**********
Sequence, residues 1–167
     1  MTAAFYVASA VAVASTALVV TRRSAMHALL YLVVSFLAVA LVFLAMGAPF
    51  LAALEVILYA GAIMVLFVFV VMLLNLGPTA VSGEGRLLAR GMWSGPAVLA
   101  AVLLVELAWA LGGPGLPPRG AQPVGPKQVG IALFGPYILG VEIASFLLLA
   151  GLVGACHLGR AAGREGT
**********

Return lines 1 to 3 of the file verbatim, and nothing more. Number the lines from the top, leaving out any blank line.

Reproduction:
Sequence, residues 1–167
     1  MTAAFYVASA VAVASTALVV TRRSAMHALL YLVVSFLAVA LVFLAMGAPF
    51  LAALEVILYA GAIMVLFVFV VMLLNLGPTA VSGEGRLLAR GMWSGPAVLA